Happy Birthday, Searching for Forever!!!

Just a quick reminder that Searching for Forever is officially RELEASED!!! HORRAY!!!!

You can find it at Bold Strokes Books here:


And…. get this… it’s available in paperback AND e-book formats!!!

Get your copy today!


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Playing Make Believe– A Lesson on Character Building

Something happened to me when I grew up (although, judging by the fact I’m eating mozerrella sticks and Fritos for lunch, that term is used loosely). It’s something I think happens to most of us once we hit puberty, and start going to Sadie Hawkins dances (by the way, 1980 called and wants their pop culture reference back) and fantasizing about kissing boys (or girls). We lose our imaginations.


This is me, Halloween 2010, playing doctor (not like that! get your heads out of the gutter!). I had to come up with a costume to take my ex-wife’s niece and nephew trick-or-treating. When you’re little, you go dressed as Superman, or Miley Cyrus or whatever (God forbid my children ever decide to go as a tween…). So, as an adult, I opted to go as what I wanted to be when I “grew up” (which, as I mentioned, is probably still in progress).

Writing a book is probably one of your few chances in your adult life to be whoever you want to be. As a younger writer, I used to literally write myself into every single thing I wrote. And without any trying to hide it, either. Because I’ve always been into first person narrative, it was just the most logical thing to make the “me” character the one who did the narrating. As I mentioned in an earlier blog, Searching for Forever is the first thing I’ve ever written that ISN’T TRUE. Not even a little bit true (sorry to disappoint, any of you older-women-fetishizers out there who wanted to live vicariously through me). The truth was, I had a massive straight-girl crush on a coworker who was about 18 years my senior (and she always reminded me she could have been my Mom… gross…).  Nights in healthcare can get boring. They leave a lot of time for those Sadie-Hawkins dance fantasies. I just happened to turn mine into a novel.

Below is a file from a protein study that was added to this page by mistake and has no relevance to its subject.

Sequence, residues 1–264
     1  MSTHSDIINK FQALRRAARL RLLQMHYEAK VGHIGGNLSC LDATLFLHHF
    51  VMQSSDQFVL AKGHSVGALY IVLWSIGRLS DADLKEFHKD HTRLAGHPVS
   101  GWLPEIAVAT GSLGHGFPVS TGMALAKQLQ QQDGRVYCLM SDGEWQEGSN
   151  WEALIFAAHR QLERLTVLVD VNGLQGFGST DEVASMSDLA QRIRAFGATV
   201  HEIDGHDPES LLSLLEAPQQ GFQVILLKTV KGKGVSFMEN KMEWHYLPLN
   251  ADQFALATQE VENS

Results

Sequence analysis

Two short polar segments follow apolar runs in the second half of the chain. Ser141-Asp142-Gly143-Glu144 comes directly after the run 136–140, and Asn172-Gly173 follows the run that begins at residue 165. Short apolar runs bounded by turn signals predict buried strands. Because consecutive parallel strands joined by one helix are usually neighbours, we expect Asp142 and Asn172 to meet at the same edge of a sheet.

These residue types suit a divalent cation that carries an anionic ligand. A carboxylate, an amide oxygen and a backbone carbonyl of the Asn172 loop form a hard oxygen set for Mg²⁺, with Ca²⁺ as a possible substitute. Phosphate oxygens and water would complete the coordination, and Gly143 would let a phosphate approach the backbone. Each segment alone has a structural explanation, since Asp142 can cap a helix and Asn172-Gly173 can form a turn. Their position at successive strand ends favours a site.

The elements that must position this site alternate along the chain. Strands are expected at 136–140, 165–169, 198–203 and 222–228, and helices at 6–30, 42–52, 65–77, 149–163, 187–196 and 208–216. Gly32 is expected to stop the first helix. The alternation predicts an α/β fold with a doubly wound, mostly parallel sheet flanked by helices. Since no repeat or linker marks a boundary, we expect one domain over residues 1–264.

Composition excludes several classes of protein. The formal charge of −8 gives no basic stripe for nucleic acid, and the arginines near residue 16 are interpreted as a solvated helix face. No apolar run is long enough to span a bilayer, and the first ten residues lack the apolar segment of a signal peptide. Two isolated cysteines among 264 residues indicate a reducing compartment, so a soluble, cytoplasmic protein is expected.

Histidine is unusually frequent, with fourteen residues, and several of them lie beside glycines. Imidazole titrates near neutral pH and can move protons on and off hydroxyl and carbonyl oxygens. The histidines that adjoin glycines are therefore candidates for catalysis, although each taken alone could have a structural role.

So how do you go from real life inspiration and daydreams to a fictional character? The first thing I pushed myself to do was NOT write from Charlie’s perspective. Since none of you have read Searching for Forever yet (obviously… since it isn’t out), I’ll brief you on Charlie Thompson. Charlie is the 25 year old (my age when I started writing said book) paramedic (almost my job when I started writing said book– I was an EMT) who manages to seduce the somewhat stoic, very straight older Natalie with her charms and good looks (something I definitely did not even attempt while writing said book). It would have been easy to write from Charlie’s vantage point. Not because I consider myself wildly sexy, capible of wooing straight, married doctors, and scoring a perfect 42 on my MCAT, but because she was everything I WANTED to be. A glorified, best version of myself. Of course, now that I’m about to start PA school (pretty darn close to my doctor pipe dream from three years ago), and am living with the girl of my dreams (who is, by the way, a whopping 10 months and a day older than I am), I am much happier being me than I would be being Charlie. But back then would have been a different story.